The good news is that countless blogs (including this one) and free or cheap apps now exist to help walk you through how to forecast, why it’s important, and where to focus your efforts.

Final Thoughts

It’s possible some of the items on this list are things you have well in hand. It’s also possible that so many are out of control that you’re not sure where to start. Either way, doing something is better than doing nothing. We recommend starting with the one that feels easiest and implementing it for one to two months before moving onto the next.

Then use the resources and money that step has saved you to both inspire and support your implementing the next. By the time you’re done with this checklist, you’ll have the extra resources to find even deeper ways to improve your operations, reduce your costs, and increase your profits.


About the Author: Allen Waters is a restaurateur with 20 years of experience starting and running a variety of food places, from a hot dog joint to a high-end French gastronomic experience, before transitioning into consultancy.

He now helps small and struggling restaurants by assessing their main pain points, helping them get out of the red and become locally successful.

The Tax Forms You Need to File for Your New Restaurant

Opening your own restaurant soon? Congratulations! The foodie culture is at an all-time high. When done right, you could be having a highly profitable business.

But of course, just like any other business, one of the most important things that you should pay attention to are the taxes you need to file and settle. Failure to file taxes or consistently filing late can have a terrible impact on your business, from hefty penalties to suspension and legal charges.

Some restaurant tax forms are similar with other retail businesses. But there are certain tax forms that are exclusive to companies offering food and hospitality services.

Taxes could mean another expense for your business. But they are critical for your business to survive. Payment could be more difficult for those who have bad credit. Thankfully, online personal loans for bad credit are available for people who need financing assistance to settle their business taxes.

Below is the list of tax forms that you need to file for your startup restaurant.

Form 941 – Employer’s Quarterly Tax Form

This form is used by employers to report federal withholdings from their employees. It contains essential information like employment taxes taken from the employee’s compensation and the amount owed to the IRS. It also reports the number of employees, and Medicare and Social Security withholdings. The Form 941 is applicable to all businesses that withhold taxes from their employees. If you have workers or staff who only work on a seasonal basis, they need not be included in the tax form unless they worked during that quarter. This form has to be filed by the end of April, July, October and January.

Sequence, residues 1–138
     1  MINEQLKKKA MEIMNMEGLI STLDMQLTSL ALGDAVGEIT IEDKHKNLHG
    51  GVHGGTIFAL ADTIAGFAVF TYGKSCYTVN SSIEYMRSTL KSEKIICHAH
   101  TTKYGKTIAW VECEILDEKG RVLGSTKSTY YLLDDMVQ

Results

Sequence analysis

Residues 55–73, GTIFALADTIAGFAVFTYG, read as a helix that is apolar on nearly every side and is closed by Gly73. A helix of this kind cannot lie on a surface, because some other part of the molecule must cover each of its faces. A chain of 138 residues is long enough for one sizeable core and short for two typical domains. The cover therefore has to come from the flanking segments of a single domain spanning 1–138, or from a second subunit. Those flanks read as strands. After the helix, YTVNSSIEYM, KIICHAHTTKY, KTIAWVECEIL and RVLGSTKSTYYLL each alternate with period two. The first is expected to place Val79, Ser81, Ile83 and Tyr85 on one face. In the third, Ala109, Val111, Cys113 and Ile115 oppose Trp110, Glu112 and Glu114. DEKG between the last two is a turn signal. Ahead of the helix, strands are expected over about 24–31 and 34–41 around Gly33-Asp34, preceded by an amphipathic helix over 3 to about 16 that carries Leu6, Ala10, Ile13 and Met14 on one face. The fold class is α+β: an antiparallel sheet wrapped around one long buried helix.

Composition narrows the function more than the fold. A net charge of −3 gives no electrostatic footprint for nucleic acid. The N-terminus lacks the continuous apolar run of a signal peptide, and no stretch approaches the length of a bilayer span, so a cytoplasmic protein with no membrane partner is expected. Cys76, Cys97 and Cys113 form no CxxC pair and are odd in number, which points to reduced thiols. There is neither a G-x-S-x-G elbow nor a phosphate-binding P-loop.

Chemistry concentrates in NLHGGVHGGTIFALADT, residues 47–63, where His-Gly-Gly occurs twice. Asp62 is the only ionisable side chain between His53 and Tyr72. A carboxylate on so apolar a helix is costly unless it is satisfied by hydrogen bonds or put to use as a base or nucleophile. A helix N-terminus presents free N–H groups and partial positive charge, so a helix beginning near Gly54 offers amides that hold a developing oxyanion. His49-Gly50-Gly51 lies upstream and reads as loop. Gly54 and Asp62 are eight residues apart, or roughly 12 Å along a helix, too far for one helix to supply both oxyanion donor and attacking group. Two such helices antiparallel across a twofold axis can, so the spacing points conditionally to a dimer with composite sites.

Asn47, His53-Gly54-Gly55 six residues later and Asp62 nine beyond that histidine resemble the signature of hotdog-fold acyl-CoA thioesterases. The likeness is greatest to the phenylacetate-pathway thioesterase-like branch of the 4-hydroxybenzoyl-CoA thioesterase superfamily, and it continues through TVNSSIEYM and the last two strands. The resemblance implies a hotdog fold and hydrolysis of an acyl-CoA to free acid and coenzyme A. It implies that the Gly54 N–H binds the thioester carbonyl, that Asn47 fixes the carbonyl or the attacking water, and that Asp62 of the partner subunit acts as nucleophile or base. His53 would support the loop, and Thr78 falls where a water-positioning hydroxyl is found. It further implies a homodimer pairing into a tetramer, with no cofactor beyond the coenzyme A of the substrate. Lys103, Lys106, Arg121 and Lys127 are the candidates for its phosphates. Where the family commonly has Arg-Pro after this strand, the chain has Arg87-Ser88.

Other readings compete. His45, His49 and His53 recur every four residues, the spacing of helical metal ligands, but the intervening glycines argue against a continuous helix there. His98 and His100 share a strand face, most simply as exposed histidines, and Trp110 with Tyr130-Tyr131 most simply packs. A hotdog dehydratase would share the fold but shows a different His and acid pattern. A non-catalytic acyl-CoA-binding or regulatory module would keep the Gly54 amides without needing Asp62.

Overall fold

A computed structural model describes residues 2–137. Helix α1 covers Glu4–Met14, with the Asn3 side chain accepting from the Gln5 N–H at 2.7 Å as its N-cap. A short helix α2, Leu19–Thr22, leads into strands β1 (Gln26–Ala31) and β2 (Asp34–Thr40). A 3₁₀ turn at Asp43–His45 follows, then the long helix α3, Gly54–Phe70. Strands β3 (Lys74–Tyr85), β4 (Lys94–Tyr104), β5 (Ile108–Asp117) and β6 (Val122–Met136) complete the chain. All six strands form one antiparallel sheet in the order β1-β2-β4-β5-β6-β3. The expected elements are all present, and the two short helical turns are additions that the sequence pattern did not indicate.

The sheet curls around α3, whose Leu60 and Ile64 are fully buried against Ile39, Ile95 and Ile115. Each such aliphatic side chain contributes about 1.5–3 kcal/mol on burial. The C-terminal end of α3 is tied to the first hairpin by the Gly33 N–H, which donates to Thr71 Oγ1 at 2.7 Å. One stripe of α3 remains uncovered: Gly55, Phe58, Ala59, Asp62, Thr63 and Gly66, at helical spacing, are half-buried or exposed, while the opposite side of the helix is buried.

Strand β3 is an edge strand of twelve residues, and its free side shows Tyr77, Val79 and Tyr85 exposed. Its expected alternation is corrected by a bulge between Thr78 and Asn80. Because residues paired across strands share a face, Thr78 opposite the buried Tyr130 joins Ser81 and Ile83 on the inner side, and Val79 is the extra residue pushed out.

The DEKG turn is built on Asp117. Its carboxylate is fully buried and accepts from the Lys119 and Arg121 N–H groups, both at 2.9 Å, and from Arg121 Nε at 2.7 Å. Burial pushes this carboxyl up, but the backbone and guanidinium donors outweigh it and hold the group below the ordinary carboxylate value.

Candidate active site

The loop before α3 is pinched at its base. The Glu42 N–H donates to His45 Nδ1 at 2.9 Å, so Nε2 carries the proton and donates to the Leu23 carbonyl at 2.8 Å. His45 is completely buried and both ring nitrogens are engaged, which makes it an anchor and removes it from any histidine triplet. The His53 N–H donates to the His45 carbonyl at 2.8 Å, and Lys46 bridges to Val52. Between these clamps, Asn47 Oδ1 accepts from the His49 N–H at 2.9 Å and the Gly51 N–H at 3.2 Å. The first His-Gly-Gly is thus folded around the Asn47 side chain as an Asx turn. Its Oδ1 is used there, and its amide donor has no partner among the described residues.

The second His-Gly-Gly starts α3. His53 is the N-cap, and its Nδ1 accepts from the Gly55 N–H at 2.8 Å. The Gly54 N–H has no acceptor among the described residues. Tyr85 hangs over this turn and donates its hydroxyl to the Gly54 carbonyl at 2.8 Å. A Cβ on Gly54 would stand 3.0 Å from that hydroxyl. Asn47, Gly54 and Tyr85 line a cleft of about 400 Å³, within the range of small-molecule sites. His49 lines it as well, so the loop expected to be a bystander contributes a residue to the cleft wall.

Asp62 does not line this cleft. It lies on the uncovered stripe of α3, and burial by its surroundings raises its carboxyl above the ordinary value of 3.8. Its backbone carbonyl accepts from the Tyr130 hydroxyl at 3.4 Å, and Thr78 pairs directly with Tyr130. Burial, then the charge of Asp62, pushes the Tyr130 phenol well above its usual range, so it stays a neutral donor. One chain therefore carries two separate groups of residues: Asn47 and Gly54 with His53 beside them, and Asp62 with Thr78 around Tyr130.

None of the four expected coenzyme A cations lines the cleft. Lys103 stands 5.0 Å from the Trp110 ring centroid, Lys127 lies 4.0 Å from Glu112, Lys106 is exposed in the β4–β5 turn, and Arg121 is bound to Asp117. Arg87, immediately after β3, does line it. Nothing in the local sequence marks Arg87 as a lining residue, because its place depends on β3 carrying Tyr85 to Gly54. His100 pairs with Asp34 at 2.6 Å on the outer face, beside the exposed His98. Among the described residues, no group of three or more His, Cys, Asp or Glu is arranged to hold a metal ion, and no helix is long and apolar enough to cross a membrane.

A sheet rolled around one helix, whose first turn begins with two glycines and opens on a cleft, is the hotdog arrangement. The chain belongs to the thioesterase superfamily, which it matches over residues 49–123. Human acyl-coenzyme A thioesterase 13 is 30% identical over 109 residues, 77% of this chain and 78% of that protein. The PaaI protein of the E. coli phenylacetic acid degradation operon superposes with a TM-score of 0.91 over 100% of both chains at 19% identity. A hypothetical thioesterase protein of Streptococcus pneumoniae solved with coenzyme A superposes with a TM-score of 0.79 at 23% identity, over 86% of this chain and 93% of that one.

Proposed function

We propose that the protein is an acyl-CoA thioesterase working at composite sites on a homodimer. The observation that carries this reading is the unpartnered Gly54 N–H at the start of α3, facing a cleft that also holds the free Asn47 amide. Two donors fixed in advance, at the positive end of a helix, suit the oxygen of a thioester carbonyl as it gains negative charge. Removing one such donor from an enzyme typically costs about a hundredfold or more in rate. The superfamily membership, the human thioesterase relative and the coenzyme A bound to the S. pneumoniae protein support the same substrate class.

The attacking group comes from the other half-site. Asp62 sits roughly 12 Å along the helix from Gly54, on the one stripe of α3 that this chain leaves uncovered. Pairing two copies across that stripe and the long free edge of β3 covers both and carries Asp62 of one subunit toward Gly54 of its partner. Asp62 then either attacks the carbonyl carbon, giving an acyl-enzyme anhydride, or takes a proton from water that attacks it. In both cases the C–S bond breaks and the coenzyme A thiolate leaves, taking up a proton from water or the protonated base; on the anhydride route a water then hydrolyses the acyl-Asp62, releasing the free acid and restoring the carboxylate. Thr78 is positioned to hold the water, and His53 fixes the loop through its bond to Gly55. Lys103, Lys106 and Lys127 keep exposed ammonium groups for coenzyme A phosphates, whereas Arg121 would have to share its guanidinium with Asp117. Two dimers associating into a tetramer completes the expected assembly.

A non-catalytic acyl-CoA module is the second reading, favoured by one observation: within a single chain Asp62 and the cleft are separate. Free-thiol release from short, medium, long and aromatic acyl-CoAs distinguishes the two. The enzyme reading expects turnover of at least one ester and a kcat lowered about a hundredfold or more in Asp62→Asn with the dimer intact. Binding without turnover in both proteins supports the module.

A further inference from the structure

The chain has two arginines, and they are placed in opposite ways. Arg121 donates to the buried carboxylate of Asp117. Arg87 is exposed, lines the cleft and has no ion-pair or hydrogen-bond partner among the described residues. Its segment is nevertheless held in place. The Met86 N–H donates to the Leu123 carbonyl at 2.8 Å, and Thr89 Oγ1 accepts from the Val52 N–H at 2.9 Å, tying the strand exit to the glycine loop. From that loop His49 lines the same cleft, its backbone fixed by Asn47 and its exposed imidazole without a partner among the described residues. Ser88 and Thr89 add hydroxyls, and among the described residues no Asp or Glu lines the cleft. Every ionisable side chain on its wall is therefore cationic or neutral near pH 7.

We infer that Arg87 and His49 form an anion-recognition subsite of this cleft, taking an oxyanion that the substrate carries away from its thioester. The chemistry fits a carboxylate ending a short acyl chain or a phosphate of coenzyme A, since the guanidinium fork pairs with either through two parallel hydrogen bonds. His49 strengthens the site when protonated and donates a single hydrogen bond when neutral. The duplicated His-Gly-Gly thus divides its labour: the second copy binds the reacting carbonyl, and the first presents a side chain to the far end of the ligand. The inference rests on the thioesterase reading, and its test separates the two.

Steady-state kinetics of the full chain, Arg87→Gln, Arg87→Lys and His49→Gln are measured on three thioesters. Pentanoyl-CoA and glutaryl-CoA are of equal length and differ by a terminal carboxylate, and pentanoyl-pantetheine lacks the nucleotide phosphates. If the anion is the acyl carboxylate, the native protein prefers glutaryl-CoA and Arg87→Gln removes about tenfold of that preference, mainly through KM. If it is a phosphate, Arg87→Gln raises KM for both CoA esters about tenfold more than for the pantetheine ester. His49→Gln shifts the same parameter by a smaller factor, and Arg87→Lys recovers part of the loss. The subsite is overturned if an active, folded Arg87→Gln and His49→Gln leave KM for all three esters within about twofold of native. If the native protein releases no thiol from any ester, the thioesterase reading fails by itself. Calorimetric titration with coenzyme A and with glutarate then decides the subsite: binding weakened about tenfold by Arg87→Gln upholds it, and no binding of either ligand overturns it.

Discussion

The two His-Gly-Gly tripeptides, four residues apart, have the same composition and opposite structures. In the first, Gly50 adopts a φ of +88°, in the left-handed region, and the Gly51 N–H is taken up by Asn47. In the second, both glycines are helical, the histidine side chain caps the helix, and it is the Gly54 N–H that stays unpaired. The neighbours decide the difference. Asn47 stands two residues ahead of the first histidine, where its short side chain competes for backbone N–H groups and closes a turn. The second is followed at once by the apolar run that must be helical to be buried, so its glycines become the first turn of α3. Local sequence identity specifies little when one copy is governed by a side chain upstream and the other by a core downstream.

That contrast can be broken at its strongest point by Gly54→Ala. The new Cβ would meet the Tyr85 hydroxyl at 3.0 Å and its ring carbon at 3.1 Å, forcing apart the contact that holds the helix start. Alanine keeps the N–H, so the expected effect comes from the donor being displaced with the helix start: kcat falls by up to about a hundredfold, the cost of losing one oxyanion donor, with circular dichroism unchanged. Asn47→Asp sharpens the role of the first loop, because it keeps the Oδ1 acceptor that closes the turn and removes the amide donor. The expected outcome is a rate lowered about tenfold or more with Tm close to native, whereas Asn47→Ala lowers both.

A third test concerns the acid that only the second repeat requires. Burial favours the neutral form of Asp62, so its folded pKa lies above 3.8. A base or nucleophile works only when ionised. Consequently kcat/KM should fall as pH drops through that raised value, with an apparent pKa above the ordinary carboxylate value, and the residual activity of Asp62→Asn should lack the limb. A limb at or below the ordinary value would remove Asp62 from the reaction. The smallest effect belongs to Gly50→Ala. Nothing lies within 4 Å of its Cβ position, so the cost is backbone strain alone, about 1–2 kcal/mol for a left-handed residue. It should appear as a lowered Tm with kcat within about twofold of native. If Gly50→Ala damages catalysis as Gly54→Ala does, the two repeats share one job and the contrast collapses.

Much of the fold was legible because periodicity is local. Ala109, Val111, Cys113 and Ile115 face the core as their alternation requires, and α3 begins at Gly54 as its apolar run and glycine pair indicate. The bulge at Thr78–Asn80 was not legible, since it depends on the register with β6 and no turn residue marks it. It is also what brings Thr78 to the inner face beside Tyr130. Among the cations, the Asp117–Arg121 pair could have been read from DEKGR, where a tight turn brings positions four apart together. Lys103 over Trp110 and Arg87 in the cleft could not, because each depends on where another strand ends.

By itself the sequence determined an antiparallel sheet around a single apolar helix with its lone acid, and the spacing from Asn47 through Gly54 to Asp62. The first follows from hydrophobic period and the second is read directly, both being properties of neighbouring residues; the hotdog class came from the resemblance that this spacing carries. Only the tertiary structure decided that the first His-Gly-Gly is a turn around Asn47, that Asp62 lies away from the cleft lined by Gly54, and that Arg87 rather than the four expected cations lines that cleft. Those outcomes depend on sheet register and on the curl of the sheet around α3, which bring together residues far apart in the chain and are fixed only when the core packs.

Form 944 – Employer’s ANNUAL Federal Tax Return

If Medicare, social security, and withheld federal income tax liability is less than $1,000, you don’t have to pay taxes every quarter but only once a year. This tax rule is relatively new, having been announced only in 2007. Usually, businesses with paid wages amounting to $4,100 fall into this category. If you’re eligible, you can register and file it online. The Form 944 has to be filed at the end of January for the previous year.

W 9: Request for Taxpayer Identification Number and Certification

This form is meant to secure the tax identification numbers of your employees. Make sure that you are able to verify all of the information from your staff, including their address so their personal income taxes are processed smoothly.

Form 8027 – Employer’s Annual Information Return of Tip Income and Allocated Tips

Specifically designed for businesses in the food industry, this tax form is used to report receipts and tips and determine allocated tips for tipped employees. This is an essential record keeping document that will help you avoid disputes with the IRS concerning your tipped income. Not all food establishments are required to file this tax. The ones required are those large-scale restaurants that make tipping customary. If you have 10 or fewer employees, you are exempted from this tax.

There might be other tax forms that you need to fill out and file before the IRS, depending on where your restaurant is situated. Remember that cities and states have varying tax requirements. It is a great idea to work with a tax advisor or consultant to ensure that you’re not missing out on anything.

Tax Tips and Deductions

You might be overwhelmed with so many tax policies that cover restaurant businesses. But don’t worry, there are ways to lessen the cost and get deductions.

•Food and beverage costs are deductible. You can even account indirect costs like those of oil and condiments, as well as spoiled, wasted or discarded food.
•You can maximize your tax savings by deducting costs of your recently purchased equipment. You can deduct it in the year in which it was purchased or in smaller amounts over several years.
•If you offer great perks and compensation benefits to your employees, you could also get a deduction from IRS. If you offer free meals to your staff, those are deductible too.